The UK's public finances posted an unexpected deficit in July, exposing the government's failure to reign in spending.
July is typically a good month for the public coffers, as it is the time of year when high taxes on income and wealth are recorded from self assessment and quarterly corporation tax returns. Indeed, tax receipts increased by 3.4 per cent this year, above budget forecasts of a 3.0 per cent rise.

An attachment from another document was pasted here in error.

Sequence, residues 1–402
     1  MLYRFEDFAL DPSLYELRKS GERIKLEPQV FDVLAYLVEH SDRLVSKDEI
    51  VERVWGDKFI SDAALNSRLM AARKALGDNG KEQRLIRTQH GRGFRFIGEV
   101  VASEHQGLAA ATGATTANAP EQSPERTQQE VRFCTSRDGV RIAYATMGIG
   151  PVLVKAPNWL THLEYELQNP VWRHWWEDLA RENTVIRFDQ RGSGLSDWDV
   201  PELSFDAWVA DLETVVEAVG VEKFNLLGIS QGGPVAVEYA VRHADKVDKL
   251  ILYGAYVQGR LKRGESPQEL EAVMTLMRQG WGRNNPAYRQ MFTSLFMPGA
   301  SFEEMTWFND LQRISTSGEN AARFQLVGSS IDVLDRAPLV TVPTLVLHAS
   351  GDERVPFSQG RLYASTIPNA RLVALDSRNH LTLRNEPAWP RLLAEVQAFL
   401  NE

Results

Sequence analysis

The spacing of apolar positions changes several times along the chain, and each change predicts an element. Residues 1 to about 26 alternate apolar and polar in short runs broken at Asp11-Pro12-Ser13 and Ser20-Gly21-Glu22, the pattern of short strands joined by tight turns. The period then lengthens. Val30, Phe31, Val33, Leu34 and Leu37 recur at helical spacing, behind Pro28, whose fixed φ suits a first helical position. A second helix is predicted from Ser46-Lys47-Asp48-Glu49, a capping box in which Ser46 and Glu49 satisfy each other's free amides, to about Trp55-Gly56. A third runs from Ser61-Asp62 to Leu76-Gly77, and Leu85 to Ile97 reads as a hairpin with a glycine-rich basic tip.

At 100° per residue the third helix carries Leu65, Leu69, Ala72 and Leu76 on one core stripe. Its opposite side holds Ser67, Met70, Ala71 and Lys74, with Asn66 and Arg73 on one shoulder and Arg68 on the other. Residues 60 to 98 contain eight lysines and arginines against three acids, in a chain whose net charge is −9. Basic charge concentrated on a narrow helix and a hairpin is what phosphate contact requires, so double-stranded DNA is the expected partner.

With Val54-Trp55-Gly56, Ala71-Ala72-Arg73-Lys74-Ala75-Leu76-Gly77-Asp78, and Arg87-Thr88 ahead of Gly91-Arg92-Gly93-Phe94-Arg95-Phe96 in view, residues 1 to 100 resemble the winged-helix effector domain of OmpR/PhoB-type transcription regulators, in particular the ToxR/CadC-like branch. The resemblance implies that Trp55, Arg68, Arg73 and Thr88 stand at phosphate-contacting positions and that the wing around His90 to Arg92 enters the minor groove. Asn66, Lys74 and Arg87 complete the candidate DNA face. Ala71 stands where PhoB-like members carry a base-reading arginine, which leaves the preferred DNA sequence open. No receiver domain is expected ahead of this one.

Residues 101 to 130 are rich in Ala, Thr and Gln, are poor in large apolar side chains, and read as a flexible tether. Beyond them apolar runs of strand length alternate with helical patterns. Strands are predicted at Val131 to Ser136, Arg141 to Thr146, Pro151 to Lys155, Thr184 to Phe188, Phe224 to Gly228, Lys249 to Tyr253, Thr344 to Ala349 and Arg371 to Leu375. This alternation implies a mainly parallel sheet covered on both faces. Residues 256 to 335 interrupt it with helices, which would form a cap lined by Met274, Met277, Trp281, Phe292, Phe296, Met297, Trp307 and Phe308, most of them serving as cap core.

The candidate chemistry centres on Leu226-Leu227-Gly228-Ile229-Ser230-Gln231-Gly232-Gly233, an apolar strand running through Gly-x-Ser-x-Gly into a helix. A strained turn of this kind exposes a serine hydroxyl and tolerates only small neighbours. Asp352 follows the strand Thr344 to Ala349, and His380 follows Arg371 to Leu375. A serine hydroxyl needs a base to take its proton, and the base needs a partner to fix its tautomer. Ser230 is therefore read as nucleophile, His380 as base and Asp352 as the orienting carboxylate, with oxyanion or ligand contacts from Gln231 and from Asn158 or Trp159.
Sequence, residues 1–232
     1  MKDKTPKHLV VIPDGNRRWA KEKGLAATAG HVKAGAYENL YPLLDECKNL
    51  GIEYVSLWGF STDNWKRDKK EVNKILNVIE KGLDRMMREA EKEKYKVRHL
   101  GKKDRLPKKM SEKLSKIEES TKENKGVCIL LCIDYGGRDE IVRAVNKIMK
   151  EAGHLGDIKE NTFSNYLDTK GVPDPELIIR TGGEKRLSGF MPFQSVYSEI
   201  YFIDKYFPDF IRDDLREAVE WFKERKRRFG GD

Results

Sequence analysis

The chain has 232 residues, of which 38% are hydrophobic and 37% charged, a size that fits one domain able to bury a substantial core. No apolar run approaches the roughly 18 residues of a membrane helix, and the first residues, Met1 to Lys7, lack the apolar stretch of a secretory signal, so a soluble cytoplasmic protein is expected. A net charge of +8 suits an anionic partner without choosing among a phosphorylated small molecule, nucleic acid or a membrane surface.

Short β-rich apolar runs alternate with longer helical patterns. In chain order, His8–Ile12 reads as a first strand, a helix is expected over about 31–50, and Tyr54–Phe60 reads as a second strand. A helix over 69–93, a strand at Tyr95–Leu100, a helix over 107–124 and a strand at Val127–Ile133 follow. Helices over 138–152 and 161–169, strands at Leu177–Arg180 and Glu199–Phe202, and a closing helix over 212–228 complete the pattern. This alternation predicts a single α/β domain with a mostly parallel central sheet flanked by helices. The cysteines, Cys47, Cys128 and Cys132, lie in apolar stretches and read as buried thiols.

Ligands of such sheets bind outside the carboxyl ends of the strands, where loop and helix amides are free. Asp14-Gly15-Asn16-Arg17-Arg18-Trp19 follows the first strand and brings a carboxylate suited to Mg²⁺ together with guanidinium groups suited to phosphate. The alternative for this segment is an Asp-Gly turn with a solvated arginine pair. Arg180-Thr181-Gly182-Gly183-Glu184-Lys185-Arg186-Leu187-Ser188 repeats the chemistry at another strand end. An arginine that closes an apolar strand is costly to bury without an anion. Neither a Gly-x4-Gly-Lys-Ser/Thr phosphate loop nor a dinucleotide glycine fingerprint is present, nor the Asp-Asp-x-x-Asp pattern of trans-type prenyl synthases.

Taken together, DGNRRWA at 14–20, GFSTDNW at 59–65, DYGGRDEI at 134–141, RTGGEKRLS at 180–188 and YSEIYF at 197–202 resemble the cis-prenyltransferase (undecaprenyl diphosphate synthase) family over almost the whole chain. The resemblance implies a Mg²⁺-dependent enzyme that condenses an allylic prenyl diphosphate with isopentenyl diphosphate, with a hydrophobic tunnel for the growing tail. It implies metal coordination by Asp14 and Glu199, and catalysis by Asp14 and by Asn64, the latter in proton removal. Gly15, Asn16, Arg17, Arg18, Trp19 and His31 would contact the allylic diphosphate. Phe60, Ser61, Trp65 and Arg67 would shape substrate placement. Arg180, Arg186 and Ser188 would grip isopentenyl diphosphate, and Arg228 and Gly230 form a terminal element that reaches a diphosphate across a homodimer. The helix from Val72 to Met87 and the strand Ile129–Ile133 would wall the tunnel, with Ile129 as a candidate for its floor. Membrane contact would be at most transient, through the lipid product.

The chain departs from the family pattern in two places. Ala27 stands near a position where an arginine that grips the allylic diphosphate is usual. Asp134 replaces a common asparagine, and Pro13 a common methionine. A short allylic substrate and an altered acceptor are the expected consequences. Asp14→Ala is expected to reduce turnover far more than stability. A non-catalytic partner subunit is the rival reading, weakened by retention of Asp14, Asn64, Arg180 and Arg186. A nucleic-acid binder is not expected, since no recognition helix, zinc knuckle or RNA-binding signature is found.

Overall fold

But corporate tax receipts, which have pushed the UK into surplus for the past two years, fell by 1.4 per cent to £7bn.
The Office for National Statistics said the UK had a £62m deficit in July - compared to a £823m surplus the previous year. Excluding the effect of a deal between the Treasury and Bank of England last year to credit public finances with net income earned by the Bank on the government debt it owns, net borrowing was even worse at £488m.
Public sector net debt hit £1.193 trillion in the month - equivalent to 74.5 per cent of gross domestic product (GDP).